Thursday, September 03, 2009

World War Two

Seventy years ago, Britain declared war on Germany and the Second World War began. For six years, the world would again face turmoil and suffering with armies, navies and air forces battling for supremacy. In a coincidence, it just so happens that I've been reading Timothy Dudley Smith's first biography of John Stott: The Making of a Leader, and it turns out that as the war began, Stott, then a schoolboy at Rugby, declared himself to be a pacifist.

This was not in an attempt to avoid his duty, nor to be safe from mortal harm. Rather it was a principled stand which long pre-dated the war. His position as a prospective ordinand for the Church of England also ensured that he would not be called up, despite having previously attested.

Yet the most interesting part of the story was that his decision caused a major family row, and led to a breakdown in communication with with father for several years. You see, his dad was a distinguished doctor, who had high hopes of a great career for his only son, whether medicine, or with John's talent for languages with the diplomatic service. Even more so, given that Arnold Stott, John's father, was a high ranking officer in the Royal Army Medical Corps, having also served in the first world war.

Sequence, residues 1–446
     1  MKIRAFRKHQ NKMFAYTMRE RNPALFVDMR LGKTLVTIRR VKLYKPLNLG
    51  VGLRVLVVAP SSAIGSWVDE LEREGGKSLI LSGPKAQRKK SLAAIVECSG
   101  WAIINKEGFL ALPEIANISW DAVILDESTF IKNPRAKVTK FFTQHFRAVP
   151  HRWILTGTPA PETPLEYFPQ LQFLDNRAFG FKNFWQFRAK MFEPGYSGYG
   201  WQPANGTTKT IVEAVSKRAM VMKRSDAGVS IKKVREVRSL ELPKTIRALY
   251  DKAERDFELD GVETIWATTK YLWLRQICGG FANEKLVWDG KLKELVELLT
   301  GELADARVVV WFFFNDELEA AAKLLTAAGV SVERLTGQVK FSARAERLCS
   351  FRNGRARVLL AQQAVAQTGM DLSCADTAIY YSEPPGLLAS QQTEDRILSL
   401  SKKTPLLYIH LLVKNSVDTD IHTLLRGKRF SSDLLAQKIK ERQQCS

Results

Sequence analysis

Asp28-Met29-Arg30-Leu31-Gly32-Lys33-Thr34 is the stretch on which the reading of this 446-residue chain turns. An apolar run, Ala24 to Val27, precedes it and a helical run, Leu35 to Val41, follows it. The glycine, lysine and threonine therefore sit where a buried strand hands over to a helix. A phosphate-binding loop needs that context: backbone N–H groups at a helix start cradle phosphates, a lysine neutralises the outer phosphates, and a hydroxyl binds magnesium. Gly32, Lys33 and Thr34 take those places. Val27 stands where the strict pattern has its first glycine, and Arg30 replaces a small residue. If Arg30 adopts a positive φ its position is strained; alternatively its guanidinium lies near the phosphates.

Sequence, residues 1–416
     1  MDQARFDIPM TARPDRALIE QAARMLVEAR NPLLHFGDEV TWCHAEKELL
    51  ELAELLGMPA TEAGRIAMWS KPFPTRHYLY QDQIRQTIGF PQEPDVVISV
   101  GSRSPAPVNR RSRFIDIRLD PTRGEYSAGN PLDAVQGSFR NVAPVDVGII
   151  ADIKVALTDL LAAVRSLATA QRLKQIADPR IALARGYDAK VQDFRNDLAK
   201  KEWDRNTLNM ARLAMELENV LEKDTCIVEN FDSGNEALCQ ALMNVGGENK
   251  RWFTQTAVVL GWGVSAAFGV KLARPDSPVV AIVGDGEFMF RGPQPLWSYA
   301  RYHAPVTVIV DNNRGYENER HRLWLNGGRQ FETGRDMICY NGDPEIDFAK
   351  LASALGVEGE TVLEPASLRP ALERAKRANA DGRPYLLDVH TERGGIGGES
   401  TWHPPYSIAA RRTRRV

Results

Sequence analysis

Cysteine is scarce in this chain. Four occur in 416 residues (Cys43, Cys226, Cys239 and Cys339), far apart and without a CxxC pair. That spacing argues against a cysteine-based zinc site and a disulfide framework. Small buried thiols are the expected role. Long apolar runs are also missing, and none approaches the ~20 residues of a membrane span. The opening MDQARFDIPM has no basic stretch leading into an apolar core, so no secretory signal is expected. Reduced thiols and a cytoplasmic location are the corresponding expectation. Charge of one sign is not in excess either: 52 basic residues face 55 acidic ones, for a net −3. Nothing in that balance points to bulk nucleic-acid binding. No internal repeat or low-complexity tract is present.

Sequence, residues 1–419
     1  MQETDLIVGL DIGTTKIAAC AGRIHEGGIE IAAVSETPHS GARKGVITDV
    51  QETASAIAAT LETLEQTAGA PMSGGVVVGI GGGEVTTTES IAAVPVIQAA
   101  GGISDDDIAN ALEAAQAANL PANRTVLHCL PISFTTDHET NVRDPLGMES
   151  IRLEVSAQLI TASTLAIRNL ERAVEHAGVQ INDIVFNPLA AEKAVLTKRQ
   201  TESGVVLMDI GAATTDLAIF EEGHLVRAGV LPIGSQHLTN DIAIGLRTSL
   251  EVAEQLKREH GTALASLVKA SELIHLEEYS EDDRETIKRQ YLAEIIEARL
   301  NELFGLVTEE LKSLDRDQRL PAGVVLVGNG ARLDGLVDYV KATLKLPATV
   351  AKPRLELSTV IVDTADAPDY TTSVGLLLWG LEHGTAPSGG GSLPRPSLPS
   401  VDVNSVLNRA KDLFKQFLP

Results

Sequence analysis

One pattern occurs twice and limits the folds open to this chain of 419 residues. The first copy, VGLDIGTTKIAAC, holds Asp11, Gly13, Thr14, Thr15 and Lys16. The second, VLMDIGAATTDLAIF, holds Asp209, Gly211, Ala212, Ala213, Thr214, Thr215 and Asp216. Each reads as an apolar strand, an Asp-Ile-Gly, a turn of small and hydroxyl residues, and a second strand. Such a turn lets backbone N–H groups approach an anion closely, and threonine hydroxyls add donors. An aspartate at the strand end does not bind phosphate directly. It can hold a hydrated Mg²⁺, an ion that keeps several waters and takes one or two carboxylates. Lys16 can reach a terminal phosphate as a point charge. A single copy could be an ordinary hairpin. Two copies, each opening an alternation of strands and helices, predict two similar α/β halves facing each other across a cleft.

What a blessing John Stott has been to the church, turning down the British Diplomatic services to instead be an ambassador for the King of Kings. Through the dark days of the war, he continued to organise camps for boys, many of whom went on to be preachers and pastors.

What can we achieve in our generation to help and equip succeeding generations stand firm in the faith? The battle is real, and the call is clear. Will you respond to the call to arms?

1 comment :

  1. i've always liked Stott too and since i'm "anti-war" myself i have another reason to like him.